The tools are extremely - and impressively - responsive, making some excellent and accurate use of the DSi's touch screen. Pressure matters, speed matters, length matters (quiet, back there...), and it all translates shockingly well. The pencils feel like pencils, the brushes take some serious skill to master, and the erasers actually work like erasers (instead of the localized "clear" tool that they are in most paint programs). In fact, the only downside is the difficulty of painting along the edges of the touch screen...and that's more a structural flaw than anything Art Academy can be blamed for.
As if it wasn't obvious, the Free Paint mode is where all of this release's replay value comes from, and it's quite easy to lose an hour of your time or more when you expected to fool around for only a few minutes; it's that much fun to play with.
Unfortunately, this also leads to another potential issue for Art Academy: will the Free Paint mode be the same throughout the series? It certainly seems that way, as there are several functions that don't get used in the lessons in First Semester (in fact, you're told at the end of the game that you'll learn to use them next time), which means that with Second Semester - and beyond - you might be paying full price for a handful of new lessons.
As such, the recommendation is a cautious one. If you buy First Semester, be aware that the lessons only reach a certain point, and to be trained on the rest of the functionality, you'll need at least one more release. If you're already familiar with the basics of painting and decide to start with Second Semester, you'll probably miss out on the tutorial for the first set of tools.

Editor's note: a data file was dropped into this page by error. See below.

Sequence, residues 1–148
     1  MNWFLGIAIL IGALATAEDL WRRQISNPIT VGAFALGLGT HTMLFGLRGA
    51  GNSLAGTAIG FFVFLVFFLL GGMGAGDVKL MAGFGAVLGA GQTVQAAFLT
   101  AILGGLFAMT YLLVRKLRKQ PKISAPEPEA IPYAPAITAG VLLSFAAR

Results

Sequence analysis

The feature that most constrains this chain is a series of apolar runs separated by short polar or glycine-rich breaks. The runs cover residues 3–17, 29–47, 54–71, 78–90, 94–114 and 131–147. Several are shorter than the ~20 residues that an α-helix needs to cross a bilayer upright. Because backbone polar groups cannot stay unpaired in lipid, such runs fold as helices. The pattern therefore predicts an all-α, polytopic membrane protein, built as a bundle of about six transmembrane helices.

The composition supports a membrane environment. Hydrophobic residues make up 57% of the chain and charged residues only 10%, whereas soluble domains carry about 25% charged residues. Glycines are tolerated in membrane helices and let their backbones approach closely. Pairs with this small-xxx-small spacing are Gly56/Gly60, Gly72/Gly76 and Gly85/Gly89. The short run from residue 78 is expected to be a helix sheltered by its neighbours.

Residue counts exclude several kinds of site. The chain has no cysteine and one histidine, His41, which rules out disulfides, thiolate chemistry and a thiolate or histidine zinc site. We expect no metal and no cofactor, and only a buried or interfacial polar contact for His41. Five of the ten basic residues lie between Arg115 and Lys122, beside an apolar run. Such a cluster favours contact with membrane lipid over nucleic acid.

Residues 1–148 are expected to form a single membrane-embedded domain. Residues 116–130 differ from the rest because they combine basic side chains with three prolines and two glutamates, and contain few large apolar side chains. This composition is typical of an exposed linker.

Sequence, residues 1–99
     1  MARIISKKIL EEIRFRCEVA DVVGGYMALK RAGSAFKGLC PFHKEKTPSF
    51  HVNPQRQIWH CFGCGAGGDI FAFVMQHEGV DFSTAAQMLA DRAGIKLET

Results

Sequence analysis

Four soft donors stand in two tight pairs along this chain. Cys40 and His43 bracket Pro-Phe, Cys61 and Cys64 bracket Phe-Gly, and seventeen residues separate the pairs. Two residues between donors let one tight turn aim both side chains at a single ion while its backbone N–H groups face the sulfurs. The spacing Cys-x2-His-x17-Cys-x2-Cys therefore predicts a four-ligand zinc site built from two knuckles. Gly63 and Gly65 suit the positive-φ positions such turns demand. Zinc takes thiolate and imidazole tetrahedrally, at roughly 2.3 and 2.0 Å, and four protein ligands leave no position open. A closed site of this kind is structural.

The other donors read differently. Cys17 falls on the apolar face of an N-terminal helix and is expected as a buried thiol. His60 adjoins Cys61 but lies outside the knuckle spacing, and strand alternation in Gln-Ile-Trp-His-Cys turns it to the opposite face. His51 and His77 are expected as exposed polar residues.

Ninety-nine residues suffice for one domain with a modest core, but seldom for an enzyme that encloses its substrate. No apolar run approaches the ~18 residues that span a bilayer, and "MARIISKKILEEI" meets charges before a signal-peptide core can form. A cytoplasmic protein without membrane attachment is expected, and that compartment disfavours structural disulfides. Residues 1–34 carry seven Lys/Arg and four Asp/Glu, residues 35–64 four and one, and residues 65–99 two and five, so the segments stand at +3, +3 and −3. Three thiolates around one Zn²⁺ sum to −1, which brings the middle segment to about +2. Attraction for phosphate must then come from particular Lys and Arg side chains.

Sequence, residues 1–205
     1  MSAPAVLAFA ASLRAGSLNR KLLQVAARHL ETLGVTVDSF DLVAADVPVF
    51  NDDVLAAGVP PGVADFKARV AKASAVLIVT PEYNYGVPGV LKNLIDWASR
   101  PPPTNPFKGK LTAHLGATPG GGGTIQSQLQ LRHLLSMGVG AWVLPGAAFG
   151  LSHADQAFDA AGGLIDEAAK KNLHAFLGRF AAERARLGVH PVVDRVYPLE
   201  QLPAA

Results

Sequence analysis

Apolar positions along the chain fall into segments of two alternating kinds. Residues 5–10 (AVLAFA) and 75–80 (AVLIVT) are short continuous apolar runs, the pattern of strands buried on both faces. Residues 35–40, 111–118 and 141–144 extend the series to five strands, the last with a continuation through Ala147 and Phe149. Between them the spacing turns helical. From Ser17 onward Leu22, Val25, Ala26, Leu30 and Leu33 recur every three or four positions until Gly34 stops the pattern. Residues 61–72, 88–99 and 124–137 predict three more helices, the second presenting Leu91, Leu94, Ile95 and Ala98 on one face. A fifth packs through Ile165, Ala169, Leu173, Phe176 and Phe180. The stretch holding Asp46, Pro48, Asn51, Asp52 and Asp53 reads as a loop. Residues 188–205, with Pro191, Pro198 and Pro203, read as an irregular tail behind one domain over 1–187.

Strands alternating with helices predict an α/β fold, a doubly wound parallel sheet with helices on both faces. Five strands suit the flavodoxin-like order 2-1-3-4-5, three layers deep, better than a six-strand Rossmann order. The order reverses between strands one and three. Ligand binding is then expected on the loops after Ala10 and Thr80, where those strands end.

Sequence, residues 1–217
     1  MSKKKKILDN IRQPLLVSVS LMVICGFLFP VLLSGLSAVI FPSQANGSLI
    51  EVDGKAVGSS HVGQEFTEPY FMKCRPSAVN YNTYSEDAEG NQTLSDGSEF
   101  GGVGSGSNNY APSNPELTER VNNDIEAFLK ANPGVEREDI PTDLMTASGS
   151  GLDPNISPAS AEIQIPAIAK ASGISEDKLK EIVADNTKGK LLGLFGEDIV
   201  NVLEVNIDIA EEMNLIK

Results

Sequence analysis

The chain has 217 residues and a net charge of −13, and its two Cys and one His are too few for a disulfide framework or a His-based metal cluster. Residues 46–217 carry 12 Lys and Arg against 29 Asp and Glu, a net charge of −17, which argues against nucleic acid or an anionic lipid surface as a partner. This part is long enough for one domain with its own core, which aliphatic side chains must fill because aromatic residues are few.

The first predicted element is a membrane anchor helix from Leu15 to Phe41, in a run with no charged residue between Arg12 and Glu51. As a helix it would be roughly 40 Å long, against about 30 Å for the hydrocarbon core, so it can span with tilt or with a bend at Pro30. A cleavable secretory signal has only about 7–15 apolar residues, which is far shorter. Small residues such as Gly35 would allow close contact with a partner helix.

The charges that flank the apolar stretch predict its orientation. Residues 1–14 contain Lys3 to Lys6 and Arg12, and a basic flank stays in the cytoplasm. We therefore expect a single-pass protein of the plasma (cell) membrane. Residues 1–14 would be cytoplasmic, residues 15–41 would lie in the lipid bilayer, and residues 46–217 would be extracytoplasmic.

But none of that prevents First Semester from being a strong and rewarding release in its own right. Its six lessons will keep you occupied for several hours, and the creative potential of Free Paint mode is - quite literally - limitless.
Art Academy: First Semester is a fantastic program for creating art, though it doesn't offer much else. As such, you already know whether or not you want it. If you're looking to create art a little more seriously, or take some inexpensive (but helpful) lessons, the value is great. If you're looking for something quirkier with a greater focus on fun and immediate results, you might be left slightly cold. The upper cap to the lessons might seem a bit low to those who have taken art lessons in the past, and the instructions might sound sometimes vague to those who haven't, but this is a strong model for future non-game releases to follow, and it makes us hopeful for Art Academy titles to come.